Having everything prepared beforehand is a simple way to track your water intake. By pre-planning your water intake, all you'll have to remember is to create the water each night and drink every bottle you fill. That's it!
Tip #4: Carbonate your water
Another great option is to try carbonated water. According to the Mayo Clinic, carbonated water is every bit as healthy as tap water, with no adverse effects on the body. Sometimes that bubbly and effervescent water can hit the spot.
In fact, in a 2014 study on water consumption found that people who sometimes drank plain carbonated water drank 43% more water throughout the day. Pretty amazing numbers!
Add this to the idea of flavoring your carbonated water and you could have a big hit that hill help keeps you hydrated. (Keep the flavoring non-sugar, non-aspartame and all-natural, of course!)
There are lots of good options for these carbonation machines. The one pictured here is a very good one. It carbonates 1 liter at a time, using canisters good for carbonating 60 liters of water. It comes with a one-liter BPA-free reusable carbonating bottle and a mini CO2 carbonator. There are fancier and bigger carbonators out there, but for the price, this water carbonator is the best rated
In fact, there are 60 different flavorings available for this home seltzer water maker.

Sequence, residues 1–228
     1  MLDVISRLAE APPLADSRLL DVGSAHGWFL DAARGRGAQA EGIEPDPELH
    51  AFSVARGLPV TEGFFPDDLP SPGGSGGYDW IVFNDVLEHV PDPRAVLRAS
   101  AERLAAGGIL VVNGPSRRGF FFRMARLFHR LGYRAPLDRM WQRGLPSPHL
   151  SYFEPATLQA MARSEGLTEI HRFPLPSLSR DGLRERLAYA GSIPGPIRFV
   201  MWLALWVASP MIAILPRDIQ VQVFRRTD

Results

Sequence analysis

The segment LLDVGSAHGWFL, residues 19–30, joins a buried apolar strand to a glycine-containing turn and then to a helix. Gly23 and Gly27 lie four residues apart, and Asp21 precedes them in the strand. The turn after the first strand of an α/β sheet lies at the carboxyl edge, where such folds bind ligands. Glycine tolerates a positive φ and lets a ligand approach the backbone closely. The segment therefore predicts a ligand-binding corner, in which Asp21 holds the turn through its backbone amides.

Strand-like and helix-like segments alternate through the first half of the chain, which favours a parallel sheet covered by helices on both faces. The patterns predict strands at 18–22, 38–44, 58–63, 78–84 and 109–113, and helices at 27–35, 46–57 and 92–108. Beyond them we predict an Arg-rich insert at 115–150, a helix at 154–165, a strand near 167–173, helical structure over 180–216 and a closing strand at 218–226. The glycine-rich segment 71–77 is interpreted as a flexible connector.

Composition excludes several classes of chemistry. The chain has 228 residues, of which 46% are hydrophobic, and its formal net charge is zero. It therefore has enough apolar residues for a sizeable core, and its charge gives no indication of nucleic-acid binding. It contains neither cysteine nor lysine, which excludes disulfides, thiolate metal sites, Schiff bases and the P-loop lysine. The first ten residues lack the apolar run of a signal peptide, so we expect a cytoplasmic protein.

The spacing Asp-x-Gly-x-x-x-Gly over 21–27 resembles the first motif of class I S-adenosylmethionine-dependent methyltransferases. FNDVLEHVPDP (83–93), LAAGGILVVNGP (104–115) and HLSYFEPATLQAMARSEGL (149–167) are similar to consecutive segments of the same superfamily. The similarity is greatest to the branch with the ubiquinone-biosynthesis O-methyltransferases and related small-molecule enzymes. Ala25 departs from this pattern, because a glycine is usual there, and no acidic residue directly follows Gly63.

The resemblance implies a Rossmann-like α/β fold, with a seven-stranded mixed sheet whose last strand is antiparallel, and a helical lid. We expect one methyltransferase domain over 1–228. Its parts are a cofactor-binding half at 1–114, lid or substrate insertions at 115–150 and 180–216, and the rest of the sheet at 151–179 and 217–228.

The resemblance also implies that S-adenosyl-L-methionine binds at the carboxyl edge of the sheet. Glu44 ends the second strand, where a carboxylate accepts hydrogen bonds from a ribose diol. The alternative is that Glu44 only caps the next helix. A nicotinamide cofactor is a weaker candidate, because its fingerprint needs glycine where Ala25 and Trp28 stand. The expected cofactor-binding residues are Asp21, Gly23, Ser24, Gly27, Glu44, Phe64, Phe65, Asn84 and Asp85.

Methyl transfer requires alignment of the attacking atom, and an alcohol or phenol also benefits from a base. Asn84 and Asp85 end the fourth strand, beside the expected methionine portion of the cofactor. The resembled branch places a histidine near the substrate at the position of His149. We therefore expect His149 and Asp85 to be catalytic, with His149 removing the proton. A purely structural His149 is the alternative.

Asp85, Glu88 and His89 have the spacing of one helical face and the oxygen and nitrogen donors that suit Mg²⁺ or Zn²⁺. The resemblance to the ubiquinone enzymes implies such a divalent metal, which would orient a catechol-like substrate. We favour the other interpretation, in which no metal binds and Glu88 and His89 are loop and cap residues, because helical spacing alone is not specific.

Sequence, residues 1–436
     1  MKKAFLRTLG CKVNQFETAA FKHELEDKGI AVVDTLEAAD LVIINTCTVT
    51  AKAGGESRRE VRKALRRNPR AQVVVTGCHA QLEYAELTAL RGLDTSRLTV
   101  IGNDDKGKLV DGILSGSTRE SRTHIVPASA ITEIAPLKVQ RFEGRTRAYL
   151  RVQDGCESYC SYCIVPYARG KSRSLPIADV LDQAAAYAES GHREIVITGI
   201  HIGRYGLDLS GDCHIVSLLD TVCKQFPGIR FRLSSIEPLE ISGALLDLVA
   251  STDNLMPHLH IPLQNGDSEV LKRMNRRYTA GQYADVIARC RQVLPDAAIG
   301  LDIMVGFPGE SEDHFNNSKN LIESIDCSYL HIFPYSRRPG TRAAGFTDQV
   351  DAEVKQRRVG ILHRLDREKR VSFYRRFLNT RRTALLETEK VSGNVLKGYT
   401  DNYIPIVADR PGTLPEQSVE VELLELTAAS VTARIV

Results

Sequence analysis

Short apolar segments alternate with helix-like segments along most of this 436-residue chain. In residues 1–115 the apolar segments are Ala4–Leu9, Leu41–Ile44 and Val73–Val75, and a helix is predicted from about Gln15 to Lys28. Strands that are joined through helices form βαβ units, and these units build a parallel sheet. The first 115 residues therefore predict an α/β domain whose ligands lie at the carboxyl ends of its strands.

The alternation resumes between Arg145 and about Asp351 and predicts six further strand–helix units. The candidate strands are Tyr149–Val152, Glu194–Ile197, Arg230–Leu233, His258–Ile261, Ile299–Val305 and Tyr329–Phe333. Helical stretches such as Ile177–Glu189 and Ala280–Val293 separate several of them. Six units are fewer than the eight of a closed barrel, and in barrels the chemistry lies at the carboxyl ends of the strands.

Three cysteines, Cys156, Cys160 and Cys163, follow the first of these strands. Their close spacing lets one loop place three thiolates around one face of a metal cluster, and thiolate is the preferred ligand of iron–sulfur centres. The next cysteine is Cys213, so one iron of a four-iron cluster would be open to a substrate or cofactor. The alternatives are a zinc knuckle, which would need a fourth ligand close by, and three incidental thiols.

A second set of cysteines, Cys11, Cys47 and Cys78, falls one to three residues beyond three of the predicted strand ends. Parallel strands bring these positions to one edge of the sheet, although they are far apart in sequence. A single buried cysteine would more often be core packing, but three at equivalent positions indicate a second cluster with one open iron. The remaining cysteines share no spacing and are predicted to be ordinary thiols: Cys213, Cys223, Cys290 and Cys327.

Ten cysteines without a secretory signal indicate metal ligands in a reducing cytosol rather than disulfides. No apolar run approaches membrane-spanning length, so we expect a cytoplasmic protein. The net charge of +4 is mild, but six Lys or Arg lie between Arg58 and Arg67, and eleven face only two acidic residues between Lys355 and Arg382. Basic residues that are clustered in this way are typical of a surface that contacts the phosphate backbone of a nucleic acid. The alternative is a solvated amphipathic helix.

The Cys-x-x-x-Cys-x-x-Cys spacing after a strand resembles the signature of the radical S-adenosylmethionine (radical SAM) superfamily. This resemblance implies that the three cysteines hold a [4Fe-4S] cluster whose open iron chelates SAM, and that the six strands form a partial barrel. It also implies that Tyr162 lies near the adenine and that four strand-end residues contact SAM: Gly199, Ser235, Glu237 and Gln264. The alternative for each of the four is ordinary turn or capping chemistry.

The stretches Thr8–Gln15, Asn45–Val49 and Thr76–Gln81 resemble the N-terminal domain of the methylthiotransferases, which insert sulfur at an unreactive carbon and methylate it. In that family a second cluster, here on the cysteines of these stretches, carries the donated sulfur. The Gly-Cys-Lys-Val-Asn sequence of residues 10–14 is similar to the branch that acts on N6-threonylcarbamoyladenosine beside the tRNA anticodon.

There are all-natural flavorings and non-aspartame and non-high fructose corn syrup options. and even flavoring where you can make your own soda or diet soda.
Being an advocate of pure water… I would highly recommend sticking to natural flavorings only, however.
That is about it for this guide on drinking 64+ ounces of water every day.
On DevelopGoodHabits.com, we talk a lot about different healthy habits you can develop.
In my opinion, increasing your water intake is one of the simplest, but most effective routines you can add to your life.
Simply follow the strategies I've outline in this post and you'll form a habit that will make you healthier, happier and more likely to form other positive, life-changing habits.
When you've mastered this habit, I encourage you to try some simple workout routines or increasing your daily step count. Both are simple routines that can produce a dynamic change to your weight and overall fitness level.
Finally, if you want the perfect morning routine, then check out this seven-step process for creating a morning routine that will become a vital part of your daily life.)